After twenty minutes in normal indoor air, the coronavirus will lose 90% of the infection. The risk of transmission appears to decrease rapidly, especially during the first five minutes after exhalation. It was written by the British newspaper The Guardian on the basis of a new study.
In their study, the University of Bristol research team states that most aerosols, or tiny air droplets, can no longer infect a person after a few minutes. The study has yet to undergo peer review, but it already reports special results.
The researchers tested for infection by floating the virus-containing aerosol in an electric field for minutes. The aerosols were exposed to the influence of various environmental factors such as temperature, UV rays and humidity. Finally, the researchers applied these air particles to cell cultures to see if they were still contaminated.
Humidity has proven to be a particularly important factor. For example, at normal humidity, the aerosol dries up and shrinks after a few seconds, making it 50% less contagious. In humid conditions, the particles remain infectious for a little longer, but eventually after about twenty minutes the risk of infection is only ten percent.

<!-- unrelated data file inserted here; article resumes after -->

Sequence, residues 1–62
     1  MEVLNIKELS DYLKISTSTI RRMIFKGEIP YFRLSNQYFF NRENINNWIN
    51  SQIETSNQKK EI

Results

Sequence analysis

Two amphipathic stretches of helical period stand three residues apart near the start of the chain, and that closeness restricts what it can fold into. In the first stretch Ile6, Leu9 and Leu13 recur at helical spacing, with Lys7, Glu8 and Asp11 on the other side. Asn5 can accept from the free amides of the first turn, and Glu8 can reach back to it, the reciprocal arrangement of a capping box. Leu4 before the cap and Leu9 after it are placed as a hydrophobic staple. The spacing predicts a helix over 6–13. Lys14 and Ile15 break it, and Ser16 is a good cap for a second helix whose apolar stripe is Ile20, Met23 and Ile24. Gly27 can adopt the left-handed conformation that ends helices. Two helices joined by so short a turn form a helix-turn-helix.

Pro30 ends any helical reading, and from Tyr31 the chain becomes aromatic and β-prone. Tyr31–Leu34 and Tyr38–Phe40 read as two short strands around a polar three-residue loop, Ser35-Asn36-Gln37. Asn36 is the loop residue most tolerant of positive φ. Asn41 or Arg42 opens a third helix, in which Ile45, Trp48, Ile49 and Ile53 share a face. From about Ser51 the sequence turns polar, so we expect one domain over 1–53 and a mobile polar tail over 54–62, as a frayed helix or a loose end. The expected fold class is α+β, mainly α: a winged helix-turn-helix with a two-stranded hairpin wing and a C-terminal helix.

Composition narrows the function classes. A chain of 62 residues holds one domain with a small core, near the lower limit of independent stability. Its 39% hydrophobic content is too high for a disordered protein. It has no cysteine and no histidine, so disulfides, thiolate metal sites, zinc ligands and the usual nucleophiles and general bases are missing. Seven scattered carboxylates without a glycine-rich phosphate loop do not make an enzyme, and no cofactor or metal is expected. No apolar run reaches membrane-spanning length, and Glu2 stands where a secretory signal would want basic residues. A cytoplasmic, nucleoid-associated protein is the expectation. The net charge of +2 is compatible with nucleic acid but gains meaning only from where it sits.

Remarkably, temperature in the study appeared to have no effect on infection. Many scientists previously claimed that the virus spreads less quickly at higher temperatures.
Previous studies and policy decisions have often focused on the ventilation of spaces, but according to the researchers, this study points to the importance of measures such as social distancing and wearing a mouth mask. “I think the greatest risk of infection remains when you are close to someone,” said professor and researcher Jonathan Reed. But ventilation also appears to remain an important tool in the fight against the virus.